WHAS Radio audio of Milton Metz: 1979 1979 part two 1993 final show 1992 1962 with Cassius Clay 1994 narrator of A Christmas Carol part two of A Christmas Carol 1989 with sex therapist Dr. Jean Koehler
Louisville’s all-time greatest communicator, neighbor, and gentleman has died. Milton Metz, the WHAS Radio and TV talk show host, died peacefully at Magnolia Springs, an assisted living home in Louisville.
Metz served in the U.S. Army after college and came to WHAS in 1946, one of the many talented broadcasters who transitioned from radio into the fledgling media called television. Metz and his colleagues shaped the early days of television news and entertainment.
It was Metz’s knowledgeable and genteel style that solidified WHAS Radio’s gigantic imprint on middle America. Metz broke down cultural barricades throughout his career, interviewing diverse voices from all walks of life.
Metz, one of few Jewish on air personalities in 1940s Louisville, co-hosted a TV magazine show in the early 1970s with Faith Lyles, one of few African American women featured on daily local TV.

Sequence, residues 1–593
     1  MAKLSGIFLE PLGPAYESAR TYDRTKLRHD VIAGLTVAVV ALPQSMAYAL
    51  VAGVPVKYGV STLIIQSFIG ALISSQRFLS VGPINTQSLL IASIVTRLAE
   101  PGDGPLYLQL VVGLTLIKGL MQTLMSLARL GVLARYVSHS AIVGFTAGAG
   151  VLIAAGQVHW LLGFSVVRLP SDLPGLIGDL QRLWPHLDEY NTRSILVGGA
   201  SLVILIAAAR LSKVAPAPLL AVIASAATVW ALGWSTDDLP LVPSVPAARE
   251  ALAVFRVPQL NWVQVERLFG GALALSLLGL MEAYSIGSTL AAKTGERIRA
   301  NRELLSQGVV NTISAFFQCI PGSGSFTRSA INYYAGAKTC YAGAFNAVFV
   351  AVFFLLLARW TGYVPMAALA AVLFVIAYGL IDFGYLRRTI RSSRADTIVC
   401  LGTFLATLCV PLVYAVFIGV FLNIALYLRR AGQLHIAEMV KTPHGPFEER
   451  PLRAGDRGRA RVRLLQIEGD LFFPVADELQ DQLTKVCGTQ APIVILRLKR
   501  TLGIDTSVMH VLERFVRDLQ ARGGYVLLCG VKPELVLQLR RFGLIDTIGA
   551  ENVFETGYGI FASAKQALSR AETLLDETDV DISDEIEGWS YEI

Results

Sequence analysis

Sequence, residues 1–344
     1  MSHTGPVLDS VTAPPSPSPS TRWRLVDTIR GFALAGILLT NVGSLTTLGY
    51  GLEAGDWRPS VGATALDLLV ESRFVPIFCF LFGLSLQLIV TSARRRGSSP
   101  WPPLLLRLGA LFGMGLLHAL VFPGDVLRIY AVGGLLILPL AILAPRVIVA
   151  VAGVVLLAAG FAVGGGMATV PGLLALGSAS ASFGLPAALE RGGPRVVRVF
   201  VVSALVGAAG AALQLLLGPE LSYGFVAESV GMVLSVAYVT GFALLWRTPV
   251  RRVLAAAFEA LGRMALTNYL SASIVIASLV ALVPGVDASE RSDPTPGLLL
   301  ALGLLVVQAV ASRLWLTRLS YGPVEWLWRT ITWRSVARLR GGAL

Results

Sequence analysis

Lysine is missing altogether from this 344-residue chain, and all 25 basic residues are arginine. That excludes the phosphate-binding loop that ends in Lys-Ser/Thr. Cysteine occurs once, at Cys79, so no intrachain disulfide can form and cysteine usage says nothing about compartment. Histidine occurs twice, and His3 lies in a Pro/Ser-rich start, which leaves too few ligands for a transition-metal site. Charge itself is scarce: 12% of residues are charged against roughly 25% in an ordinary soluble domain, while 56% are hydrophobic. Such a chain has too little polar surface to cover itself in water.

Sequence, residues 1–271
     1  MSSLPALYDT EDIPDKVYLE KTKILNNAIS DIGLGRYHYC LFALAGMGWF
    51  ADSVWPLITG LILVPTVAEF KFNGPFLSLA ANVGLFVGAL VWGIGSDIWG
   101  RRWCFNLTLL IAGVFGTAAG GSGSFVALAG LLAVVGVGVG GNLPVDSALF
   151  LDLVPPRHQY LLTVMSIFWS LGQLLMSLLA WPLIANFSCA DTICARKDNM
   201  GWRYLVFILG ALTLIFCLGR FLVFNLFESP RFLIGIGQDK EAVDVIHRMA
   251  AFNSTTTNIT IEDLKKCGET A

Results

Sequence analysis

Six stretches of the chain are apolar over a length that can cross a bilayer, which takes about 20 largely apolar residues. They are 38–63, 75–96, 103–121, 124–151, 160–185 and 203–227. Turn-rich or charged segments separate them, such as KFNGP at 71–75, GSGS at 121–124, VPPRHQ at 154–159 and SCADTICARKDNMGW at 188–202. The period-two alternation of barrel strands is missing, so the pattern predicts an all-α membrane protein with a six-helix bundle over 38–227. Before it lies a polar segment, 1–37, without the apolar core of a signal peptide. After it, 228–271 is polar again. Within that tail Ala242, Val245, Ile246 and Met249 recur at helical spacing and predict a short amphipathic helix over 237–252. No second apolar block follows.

It wasn’t all serious business with Metz. Listen to this WHAS radio segment with sex therapist Dr. Jean Koehler. Metz gets the giggles after a caller’s claims that she and her husband have sex for more than 90 minutes, and the distinguished host keeps giggling through subsequent callers.
Read accounts of Metz’s life from Louisville media competitors, a sure sign of reverence.
Great Day Live interview with Metz colleagues Wayne Perkey and Terry Meiners
More than any other accomplishment, Milton Metz loved his work with the WHAS Crusade for Children.
Thanks for your leadership, love, and support, Mr. Metz. You blazed a trail we shall all follow.
newspaper ad above from 1958; Omelet print ad below from 1976
Finally, this email from Thunder Over Louisville producer Wayne Hettinger: “Farewell to a loving mentor. ‘The Metz’ took me under his wing after I created the Omelet logo and never turned loose. He had a way of making you feel special and shared that feeling with everyone he met. We’ve lost a class act and an icon of WHAS and our community.”